What causes varicose veins?
The first step to understanding how to prevent varicose veins is understanding what they are. One out of five adults has varicose veins. They're twice as common among women as men. These twisty, rope-looking bulges on the legs under the skin, which are often blue, can cause a throbbing, swelling or itching sensation.
They may be relieved short term by putting your legs up, but sitting or standing for long periods of time will often make them worse.
Varicose veins are caused when something is preventing the normal flow of blood through the veins. You may recall from biology class that veins are responsible for returning blood to your heart to be filled back up with oxygen and nutrients that your cells need to survive. These veins have flaps that open and close at various spots along this journey back up to the heart.
They help the veins beat gravity as they attempt to move blood upward, but if those flaps fail, blood keeps falling to the lower sections. It pools and bulges. With time, this blood puts pressure on the vein walls, which become thinner and thinner.
Eventually, they may burst, leading to more pain.
Are you at risk for varicose veins?
U.S. Department of Health & Human Services (DHS) lists several important risk factors on its site. Before you can prevent something, you need to understand what your risk factors are. Do any of these apply to you?
- You have a family history of varicose veins.
- You are overweight. This puts extra pressure on the veins.
- You are or have been pregnant. This also puts extra pressure on the veins.
- You are older. Those valves we were discussing get tired with age.
- You are on hormone replacement therapy or birth control. Extra estrogen weakens the valves.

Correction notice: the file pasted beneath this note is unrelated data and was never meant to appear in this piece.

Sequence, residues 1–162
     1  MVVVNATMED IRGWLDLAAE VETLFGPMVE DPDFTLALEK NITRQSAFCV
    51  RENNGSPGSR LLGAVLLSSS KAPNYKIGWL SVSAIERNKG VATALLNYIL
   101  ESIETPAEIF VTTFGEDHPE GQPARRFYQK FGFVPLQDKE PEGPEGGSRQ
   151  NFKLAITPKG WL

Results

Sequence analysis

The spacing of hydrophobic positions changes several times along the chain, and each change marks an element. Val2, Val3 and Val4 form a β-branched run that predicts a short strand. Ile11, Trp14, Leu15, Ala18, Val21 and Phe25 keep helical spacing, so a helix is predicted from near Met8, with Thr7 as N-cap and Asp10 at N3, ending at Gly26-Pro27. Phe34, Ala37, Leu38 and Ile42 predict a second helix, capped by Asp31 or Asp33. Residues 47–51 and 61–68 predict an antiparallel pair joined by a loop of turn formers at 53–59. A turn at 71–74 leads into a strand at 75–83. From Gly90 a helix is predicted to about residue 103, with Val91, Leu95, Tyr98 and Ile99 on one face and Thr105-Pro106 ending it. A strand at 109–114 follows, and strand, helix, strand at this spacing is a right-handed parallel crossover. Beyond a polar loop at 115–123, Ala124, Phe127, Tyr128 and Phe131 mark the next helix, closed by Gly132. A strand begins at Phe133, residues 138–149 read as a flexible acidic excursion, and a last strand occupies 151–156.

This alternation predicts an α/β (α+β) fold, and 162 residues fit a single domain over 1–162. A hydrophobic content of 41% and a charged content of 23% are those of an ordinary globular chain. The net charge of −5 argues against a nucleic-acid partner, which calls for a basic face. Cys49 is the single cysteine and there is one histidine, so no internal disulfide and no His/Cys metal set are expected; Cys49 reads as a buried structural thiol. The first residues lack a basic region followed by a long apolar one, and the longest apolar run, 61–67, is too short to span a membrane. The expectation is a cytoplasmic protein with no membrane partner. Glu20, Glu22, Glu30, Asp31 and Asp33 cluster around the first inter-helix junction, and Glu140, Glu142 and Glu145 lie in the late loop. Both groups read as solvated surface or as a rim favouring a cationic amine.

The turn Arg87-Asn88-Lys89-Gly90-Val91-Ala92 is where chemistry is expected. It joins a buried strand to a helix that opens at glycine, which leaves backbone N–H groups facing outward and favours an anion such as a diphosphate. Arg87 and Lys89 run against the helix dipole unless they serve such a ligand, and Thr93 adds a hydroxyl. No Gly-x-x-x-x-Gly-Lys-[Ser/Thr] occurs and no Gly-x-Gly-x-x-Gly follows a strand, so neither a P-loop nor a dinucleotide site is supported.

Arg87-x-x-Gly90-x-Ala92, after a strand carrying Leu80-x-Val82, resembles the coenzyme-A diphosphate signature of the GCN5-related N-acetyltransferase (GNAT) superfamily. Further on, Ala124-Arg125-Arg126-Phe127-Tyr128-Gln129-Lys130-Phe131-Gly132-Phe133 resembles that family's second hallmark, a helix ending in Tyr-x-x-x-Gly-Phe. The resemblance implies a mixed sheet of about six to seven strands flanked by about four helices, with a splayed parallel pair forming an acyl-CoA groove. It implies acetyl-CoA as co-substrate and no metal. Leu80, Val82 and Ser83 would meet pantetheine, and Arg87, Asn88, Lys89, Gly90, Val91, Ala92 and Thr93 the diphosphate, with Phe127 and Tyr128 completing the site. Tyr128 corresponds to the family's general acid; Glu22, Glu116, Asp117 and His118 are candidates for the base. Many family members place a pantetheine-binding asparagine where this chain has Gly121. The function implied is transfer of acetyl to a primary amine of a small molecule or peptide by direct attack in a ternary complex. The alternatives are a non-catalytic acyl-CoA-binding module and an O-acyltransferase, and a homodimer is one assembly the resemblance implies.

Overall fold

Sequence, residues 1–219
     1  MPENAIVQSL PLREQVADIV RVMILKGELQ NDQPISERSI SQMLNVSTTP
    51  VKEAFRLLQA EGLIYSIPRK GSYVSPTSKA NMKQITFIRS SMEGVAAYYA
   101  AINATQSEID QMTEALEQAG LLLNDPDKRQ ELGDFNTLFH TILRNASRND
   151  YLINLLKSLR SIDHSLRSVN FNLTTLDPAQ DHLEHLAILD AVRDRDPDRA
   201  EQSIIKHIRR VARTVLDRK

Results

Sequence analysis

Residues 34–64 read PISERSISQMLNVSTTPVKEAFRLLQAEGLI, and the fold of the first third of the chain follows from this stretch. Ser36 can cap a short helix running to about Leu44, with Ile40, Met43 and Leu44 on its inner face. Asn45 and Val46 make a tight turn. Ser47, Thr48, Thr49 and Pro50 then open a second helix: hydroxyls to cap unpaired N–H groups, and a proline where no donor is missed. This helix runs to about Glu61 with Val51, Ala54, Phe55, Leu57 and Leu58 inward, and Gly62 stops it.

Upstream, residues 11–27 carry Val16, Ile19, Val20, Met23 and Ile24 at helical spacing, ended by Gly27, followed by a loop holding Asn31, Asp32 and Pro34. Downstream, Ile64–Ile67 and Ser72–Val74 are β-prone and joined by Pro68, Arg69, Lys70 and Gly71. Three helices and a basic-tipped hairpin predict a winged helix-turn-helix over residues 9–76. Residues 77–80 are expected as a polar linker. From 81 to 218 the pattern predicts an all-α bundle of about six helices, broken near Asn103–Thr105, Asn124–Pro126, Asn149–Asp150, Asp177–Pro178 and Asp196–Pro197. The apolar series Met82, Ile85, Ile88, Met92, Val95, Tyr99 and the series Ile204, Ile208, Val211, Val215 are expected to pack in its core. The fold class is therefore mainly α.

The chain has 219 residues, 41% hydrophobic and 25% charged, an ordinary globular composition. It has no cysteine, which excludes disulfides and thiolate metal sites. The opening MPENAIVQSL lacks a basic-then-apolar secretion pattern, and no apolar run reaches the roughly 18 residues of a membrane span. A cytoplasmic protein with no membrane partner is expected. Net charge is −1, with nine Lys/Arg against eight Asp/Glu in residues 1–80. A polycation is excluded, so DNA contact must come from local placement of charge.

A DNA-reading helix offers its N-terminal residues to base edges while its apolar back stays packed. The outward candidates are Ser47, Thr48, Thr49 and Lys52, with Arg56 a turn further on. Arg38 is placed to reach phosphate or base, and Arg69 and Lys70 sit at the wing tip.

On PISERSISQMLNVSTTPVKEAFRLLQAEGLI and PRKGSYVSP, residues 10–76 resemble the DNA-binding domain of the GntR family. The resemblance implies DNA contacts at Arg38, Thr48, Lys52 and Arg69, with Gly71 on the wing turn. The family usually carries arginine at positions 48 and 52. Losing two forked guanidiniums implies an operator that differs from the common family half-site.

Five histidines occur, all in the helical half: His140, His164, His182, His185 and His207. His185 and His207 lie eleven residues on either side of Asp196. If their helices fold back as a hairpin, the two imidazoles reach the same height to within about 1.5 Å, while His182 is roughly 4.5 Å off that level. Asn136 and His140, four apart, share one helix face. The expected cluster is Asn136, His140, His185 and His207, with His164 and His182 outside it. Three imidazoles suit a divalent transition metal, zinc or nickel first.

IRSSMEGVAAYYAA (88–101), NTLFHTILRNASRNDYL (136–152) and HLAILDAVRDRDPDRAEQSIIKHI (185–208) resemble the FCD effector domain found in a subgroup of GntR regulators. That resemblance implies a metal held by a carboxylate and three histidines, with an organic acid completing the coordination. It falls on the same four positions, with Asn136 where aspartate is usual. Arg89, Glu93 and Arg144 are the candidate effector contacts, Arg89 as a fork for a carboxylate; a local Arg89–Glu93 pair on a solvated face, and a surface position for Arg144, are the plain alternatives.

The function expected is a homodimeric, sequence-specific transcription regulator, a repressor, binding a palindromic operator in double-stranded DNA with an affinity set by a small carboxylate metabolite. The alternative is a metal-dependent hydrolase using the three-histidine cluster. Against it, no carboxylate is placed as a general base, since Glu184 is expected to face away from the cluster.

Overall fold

- You have blood clots or other damage to your vessels.
- You stand or sit for long periods of time, as many of us do for our jobs.
We're just going to take a wild guess here that one or more of these is true for you. Statistically speaking, it would be improbable that you escaped every risk factor.
This is one of the reasons varicose veins are so common, especially among women. While lifestyle does have an impact, getting varicose veins is more or less a fact of life because almost everyone has these risk factors.
How to prevent varicose veins
According to the DHS website referenced above, you may not be able to prevent varicose veins. Exercising, losing excess weight, and eating a healthy diet may slow their onset and progression. These lifestyle habits may also improve the associated symptoms like throbbing or pain.
Varicose veins cannot be fully prevented, so if you get varicose veins, it's not time to beat yourself up; it's time to look into solutions.
How to fix varicose veins
Varicose veins may not be preventable, but Dr. Banda recommends many very viable solutions for managing the symptoms and slowing the progression. These include:
- Weight loss
- Compression stockings
- Wearing loose-fitting clothing
- Reducing the amount of time you spend in prolonged standing or sitting positions
When these solutions aren't enough or you want more, there are minimally invasive procedures to consider. These include:
- Endovenous ablation. A laser destroys the varicose vein.
- Ultrasound-guided foam sclerotherapy. Dr. Banda first injects a chemical foam into the vein. The vein then seals and collapses.
- Ultrasound-guided foam sclerotherapy. This is a similar option in which Dr. Banda injects a liquid into the affected vein. This procedure takes multiple sessions, making the foam option preferred for most patients.
- Ambulatory phlebectomy. In this outpatient procedure, Dr. Banda removes the vein after making small incisions in the impacted leg.
Are you noticing varicose veins even though you've tried everything to prevent them? Realize that it may be nothing you're doing. There are solutions. Book online today.